I'm in York, PA getting ready to speak with a group of 15 CEOs about how to create demand in difficult market conditions. As I was having dinner and reading USA Today, I came across two examples that are worth sharing. One shows the power of seeing the world today as it is, the other shows traditional advertising at its worst (or is that best).
Liz Vanzura a marketing person for Cadillac commented, "What makes Modernista different is that they focus on understanding the real business issues."
Wow! That's what I call damning an industry. Understanding business issues makes a company different? I don't doubt that it's true, I've been saying for years that ad agencies were depleted of virtually all value creation, but still, I'd like to think that most of them would at least understand the "real business issues."
What I like about Modernista is that they seem to practice the first critical principle of growth - Focus on what the business needs to become, not what the business is. Another interesting point in the article is that Modernista currently gets 25% of it's revenue from "non-traditional agency revenues" and they expect that to go above 50%. Another sign that the agency business model is flawed, and that smart people are focusing on monetizing activities that create value, rather than using those activities to subsidize other non-value creative activities.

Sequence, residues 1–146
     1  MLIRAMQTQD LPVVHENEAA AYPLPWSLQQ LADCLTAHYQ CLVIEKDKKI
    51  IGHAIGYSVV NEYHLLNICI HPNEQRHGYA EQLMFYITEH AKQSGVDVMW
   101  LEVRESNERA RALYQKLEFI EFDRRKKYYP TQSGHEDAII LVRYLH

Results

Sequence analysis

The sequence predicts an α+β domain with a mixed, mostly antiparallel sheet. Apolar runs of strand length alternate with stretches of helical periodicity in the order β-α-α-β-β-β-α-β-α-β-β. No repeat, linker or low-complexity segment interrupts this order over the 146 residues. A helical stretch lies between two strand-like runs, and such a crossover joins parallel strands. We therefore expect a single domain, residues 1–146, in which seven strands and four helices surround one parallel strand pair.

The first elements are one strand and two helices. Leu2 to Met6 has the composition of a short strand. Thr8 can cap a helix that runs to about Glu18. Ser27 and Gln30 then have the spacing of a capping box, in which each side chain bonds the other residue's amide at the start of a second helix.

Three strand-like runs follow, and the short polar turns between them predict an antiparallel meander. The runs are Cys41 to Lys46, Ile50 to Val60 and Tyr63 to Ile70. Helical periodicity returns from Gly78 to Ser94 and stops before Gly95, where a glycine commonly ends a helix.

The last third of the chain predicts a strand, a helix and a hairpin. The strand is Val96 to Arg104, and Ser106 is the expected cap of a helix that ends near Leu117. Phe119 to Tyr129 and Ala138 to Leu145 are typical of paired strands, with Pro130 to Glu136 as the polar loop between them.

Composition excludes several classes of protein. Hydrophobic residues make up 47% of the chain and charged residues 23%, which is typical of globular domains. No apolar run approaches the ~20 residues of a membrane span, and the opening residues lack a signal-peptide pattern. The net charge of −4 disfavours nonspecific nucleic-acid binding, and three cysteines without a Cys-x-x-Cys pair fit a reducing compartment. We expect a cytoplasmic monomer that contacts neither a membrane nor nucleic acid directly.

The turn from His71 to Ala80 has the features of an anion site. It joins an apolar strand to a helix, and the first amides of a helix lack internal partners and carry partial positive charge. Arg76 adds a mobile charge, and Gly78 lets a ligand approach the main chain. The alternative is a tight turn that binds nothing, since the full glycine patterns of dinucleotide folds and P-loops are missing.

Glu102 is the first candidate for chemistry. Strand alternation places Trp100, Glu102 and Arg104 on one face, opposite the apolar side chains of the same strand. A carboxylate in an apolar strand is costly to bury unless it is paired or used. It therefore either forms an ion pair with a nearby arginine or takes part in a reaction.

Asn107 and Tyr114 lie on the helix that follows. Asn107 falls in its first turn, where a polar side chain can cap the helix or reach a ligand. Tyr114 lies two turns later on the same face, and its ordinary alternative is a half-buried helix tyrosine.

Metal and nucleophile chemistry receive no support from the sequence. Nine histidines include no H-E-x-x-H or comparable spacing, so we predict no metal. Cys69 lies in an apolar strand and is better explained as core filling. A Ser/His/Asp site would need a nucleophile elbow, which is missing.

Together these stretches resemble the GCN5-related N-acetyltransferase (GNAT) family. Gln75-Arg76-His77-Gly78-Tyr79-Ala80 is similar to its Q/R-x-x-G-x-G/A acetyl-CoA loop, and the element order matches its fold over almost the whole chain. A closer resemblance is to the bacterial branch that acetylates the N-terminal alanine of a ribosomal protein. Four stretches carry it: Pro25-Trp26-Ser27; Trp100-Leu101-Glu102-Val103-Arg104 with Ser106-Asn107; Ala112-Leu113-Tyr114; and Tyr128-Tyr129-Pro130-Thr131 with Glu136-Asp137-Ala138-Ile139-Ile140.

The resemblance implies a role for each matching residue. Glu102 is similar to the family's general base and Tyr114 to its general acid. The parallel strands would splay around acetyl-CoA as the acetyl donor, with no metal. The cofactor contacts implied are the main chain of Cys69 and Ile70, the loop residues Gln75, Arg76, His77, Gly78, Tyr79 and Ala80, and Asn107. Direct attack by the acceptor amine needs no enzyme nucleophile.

Later in the paper, I saw an ad for DePuy Orthopedics - a company that provides replacement hips. It featured Mike Krzyzewski, basketball coach for the 2008 USA Men's Olympic basketball team and Duke. Krzyzewski has had two hips replaced and he says:
"In fact these hips feel so good, I sometimes forget they're not really mine. My only regret is that I didn't do it sooner. My advice? Don't wait for the pain of severe hip or knee arthritis to take you out of the game. Ask your doctor about DePuy today."
Do you get that - go out and get your hips replaced today - why wait. Oh yeah, here's the kicker:
Important Safety Information: Joint replacement is not for everyone. There are potential risks...
Potential risk? I'd say so. How about we drop the silly manipulation, provide valuable information about how to prevent future replacements, then if I ever need one (as a last resort), maybe I'll actually trust the company. I realize that celebrity advertising helped Pepsi sell a few more sodas, it's depressing to see where it's gone.